Petoskey is a century old, year round resort
which was catering to the sailing, fishing and beach crowd long before
skiing evolved. It is one of America’s wealthiest small towns, a
second home to many auto executives and other high rollers from as far
away as Chicago, Cleveland and Louisville. Because of this unique history, the only American ski resorts which can
match Petoskey’s array of restaurants are Vail and Aspen, and theirs
are far more expensive for the same quality of food, service and ambience. As usual, slopeside dining is not exactly state of the art, but it does
beat most of its regional rivals. Seven Springs and Snowshoe,
with their arrays of full scale restaurants positioned along the snow’s
edge, are the only resorts outdoing the Mountain, Highlands and Nob, and
their prices are higher. The soups, salads, chile, pizza and deli selections
provide a better lunch for cost than other lodge counters, and a limited
version of the menu is available top slope at warming huts
|. The Mountain and Highlands have their huge,
old rambling lodges with almost unlimited seating. The Nob has a much newer
and well designed facility, but it is grossly undersized given the huge
crowds it tries to service. At the Highlands you can savor your chile or
salad at one of the big picture windows, and at the Mountain you can sit
at your table and watch the action on the big screen, but at the Nob figure
on enjoying the beef barley soup balanced on your lap in front of the fireplace
or in one of the hundreds of soft lounging chairs.
Most of the hotels and motels in the area offer some sort of complementary breakfasts. So dinner becomes the key dining decision each day.
Skiiers staying slopeside may settle for the dining rooms at the Main Lodges. They're reasonably priced with a typical ski lodge menu. And on a snowy night, with tired legs from a day’s skiing and roads icing over, they're a reasonable choice.
But the real dining experiences are in Petoskey.
Several Detroit natives we talked to consider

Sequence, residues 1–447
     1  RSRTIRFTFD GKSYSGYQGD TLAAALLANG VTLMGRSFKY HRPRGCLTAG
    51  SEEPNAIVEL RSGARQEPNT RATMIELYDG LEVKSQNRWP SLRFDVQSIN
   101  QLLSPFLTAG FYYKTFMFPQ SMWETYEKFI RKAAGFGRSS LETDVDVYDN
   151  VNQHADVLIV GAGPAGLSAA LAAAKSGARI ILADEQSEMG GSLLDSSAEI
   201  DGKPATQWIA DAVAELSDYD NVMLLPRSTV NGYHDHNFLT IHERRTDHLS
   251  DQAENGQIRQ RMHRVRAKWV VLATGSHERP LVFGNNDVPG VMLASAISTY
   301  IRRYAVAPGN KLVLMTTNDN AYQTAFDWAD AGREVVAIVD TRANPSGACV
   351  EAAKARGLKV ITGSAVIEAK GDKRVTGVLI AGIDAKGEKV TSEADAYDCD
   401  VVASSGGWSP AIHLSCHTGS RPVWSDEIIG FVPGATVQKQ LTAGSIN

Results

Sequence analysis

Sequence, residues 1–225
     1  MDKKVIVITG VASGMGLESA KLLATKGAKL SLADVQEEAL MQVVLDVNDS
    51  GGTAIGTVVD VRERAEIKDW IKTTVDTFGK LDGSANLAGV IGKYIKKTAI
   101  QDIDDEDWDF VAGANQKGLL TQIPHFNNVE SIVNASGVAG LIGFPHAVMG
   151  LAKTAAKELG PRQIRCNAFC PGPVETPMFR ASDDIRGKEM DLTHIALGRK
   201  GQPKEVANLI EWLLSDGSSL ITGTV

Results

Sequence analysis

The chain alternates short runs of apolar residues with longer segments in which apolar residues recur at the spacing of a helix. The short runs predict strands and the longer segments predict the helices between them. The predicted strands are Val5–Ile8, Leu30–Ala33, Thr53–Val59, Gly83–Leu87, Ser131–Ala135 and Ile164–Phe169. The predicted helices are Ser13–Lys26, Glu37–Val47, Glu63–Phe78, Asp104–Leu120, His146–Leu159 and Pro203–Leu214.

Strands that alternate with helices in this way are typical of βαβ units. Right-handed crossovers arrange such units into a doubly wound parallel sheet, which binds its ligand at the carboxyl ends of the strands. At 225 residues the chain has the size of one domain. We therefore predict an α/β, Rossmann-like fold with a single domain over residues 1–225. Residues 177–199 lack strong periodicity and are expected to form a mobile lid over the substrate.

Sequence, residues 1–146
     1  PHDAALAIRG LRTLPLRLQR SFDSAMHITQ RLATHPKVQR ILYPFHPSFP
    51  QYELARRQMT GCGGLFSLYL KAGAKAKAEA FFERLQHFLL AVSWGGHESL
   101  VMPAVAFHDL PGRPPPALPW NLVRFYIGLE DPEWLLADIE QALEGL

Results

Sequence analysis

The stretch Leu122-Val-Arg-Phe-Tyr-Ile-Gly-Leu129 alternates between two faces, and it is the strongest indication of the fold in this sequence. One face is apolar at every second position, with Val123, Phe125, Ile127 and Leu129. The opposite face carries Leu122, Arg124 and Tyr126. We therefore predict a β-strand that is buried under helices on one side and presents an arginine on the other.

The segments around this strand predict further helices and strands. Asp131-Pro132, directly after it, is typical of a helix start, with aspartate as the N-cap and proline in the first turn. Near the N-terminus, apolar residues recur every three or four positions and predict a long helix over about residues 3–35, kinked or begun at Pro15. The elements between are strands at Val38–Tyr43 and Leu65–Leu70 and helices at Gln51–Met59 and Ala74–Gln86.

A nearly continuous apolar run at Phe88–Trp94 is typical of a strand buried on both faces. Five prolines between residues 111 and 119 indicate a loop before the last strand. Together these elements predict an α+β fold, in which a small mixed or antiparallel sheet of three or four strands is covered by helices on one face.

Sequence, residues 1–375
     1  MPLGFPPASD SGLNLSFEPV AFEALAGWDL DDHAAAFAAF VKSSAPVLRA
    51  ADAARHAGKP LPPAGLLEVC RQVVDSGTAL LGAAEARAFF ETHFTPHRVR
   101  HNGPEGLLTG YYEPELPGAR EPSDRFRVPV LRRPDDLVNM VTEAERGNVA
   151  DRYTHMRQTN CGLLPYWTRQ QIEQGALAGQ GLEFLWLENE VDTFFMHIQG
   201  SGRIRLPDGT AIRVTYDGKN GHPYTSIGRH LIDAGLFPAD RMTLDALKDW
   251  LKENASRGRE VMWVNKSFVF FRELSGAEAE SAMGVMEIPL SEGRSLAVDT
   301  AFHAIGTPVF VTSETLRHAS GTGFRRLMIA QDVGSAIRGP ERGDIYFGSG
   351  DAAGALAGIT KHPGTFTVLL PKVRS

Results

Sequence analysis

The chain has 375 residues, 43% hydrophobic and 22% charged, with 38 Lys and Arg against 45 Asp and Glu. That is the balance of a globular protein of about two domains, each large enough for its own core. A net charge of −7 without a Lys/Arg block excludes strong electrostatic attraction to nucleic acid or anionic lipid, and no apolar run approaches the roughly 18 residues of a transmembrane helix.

Petoskey’s Villa Ristorante Italiano the best Italian restaurant in Michigan.
They come up a few times every summer just to eat there. It’s a
little pricier than most Italian eateries, with tabs in the teens and
twenties. But the Cinghiale and Ossobuco make it worth the trip.
But that would mean you wouldn’t make it to Tapperooney’s, which you’ll pass on the way to and from the Highlands and the Nob every day. And missing this great moderate cost restaurant would be a shame. They don’t take reservations, so you might want to stop on the way back from the slopes, before the evening crowd builds. But even a wait is worth it. The crab cakes, wings and artichoke dip only hint at what’s to come. For prices in the low teens, you can enjoy great seafood and barbeque. Or you can try their homestyle meals. Tapperooney’s offers three different kinds of macaroni and cheese, each coming in a large deep dish. Abby Leigh has eaten macaroni and cheese all across the country, and thought this was the best anywhere. Their chicken pot pie, meatloaf and wolverine fire steak are also memorable. The management and waiters here are outstanding; they should conduct seminars in customer service for other restaurants.
And finally there is the Mitchell Street Pub & Cafe, with a great menu of appetizers and sandwiches but, most famously, the best Walleye in town. They list it as fried but if you're real persuasive you can get it grilled or broiled. It doesn't matter how you get it, it's outstanding.